Haunted by the past: Winterberg’s Last Journey, by Jaroslav Rudis, reviewed

Jaroslav Rudis’s latest novel follows the 99-year-old Wenzel Winterberg, a Sudetenland German, and his middle-aged Czech carer, Jan Kraus, on what is a quirky European take on the buddy road-trip story. Marx claimed that ‘men make their own history’, but do so under the burden of the past, with the weight of dead generations upon them. The tragedy soon to become a farce begins, according to Winterberg, at the site of the Battle of Königgrätz, with the old man proclaiming: ‘The Battle of Königgrätz runs through my heart.’ He then rambles on about its ‘half a million ghosts’, their roles and where they lie now, before blaming the battle for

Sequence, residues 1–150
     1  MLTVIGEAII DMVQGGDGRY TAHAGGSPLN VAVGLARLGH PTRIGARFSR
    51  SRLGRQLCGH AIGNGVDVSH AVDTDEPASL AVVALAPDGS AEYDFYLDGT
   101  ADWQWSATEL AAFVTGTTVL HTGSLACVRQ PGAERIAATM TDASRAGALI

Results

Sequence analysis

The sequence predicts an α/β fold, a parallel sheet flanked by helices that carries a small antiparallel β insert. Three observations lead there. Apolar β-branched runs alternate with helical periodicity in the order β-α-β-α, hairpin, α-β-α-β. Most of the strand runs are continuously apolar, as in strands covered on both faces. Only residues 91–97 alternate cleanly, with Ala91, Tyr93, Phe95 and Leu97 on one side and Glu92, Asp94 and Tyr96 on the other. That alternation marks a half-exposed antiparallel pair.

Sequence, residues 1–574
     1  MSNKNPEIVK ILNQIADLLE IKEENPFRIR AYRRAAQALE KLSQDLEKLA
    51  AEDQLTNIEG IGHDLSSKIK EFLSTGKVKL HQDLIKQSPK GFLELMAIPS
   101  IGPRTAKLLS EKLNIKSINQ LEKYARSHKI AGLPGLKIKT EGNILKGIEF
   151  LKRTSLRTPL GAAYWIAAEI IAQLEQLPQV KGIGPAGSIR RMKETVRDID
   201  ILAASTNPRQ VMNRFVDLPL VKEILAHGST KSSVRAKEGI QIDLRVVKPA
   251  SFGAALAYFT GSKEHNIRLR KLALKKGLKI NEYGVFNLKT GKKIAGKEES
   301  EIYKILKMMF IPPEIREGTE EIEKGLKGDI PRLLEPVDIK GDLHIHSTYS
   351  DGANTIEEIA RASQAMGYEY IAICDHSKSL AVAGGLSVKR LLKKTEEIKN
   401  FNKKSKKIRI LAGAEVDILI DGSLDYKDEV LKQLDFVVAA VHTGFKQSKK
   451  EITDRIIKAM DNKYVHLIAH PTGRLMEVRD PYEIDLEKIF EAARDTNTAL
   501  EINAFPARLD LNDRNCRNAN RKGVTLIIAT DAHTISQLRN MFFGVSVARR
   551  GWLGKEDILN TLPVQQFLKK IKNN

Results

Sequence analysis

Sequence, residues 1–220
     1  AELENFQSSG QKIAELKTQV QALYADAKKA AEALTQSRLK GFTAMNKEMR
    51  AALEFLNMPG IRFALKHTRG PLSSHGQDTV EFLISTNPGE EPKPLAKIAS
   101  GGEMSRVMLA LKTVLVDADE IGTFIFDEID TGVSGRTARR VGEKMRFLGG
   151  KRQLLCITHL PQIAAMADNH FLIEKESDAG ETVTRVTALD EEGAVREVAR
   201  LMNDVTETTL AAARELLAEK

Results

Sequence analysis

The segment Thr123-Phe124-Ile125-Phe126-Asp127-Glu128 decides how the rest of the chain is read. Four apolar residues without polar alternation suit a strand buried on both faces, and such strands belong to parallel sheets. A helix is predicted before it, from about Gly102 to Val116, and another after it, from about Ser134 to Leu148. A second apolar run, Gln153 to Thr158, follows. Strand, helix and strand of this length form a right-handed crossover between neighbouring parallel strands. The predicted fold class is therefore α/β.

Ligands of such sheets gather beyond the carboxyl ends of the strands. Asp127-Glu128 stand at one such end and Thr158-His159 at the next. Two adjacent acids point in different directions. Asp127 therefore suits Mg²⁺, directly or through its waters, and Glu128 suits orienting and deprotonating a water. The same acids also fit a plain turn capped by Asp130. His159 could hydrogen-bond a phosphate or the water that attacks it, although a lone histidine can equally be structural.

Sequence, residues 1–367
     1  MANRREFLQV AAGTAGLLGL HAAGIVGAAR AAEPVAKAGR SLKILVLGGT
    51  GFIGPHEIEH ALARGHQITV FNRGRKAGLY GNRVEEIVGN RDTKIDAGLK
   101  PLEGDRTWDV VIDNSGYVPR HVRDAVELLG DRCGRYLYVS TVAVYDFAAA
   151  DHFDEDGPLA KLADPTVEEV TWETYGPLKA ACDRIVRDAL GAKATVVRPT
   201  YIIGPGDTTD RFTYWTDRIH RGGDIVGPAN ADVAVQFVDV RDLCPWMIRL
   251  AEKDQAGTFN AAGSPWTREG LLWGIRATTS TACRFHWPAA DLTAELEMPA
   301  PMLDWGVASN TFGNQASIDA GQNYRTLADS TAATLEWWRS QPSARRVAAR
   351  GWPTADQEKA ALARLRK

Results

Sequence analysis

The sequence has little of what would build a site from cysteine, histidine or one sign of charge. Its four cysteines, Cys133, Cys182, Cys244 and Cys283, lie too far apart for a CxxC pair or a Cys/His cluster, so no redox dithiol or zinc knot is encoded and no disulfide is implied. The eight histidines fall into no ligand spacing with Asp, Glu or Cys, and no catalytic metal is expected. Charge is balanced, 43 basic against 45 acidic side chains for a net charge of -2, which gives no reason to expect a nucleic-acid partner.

The plight of the evacuee: Asylum Road, by Olivia Sudjic, reviewed

Olivia Sudjic’s second novel, Asylum Road, is a smart and sensitively layered story that’s told through niggling memories, unspoken thoughts, white space. The past interrupts the present, which in turn tugs at the future. It begins and ends in a car — a couple ‘side by side, in motion with a change of view’ – and all the while the reader too is in a state of flux, unsettled. That’s a state Sudjic’s protagonist, Anya, is familiar with. Along with other unaccompanied children, she was evacuated from Sarajevo during the Bosnian war. Sent to live with her aunt in Glasgow, she’s been searching for a sense of belonging ever since.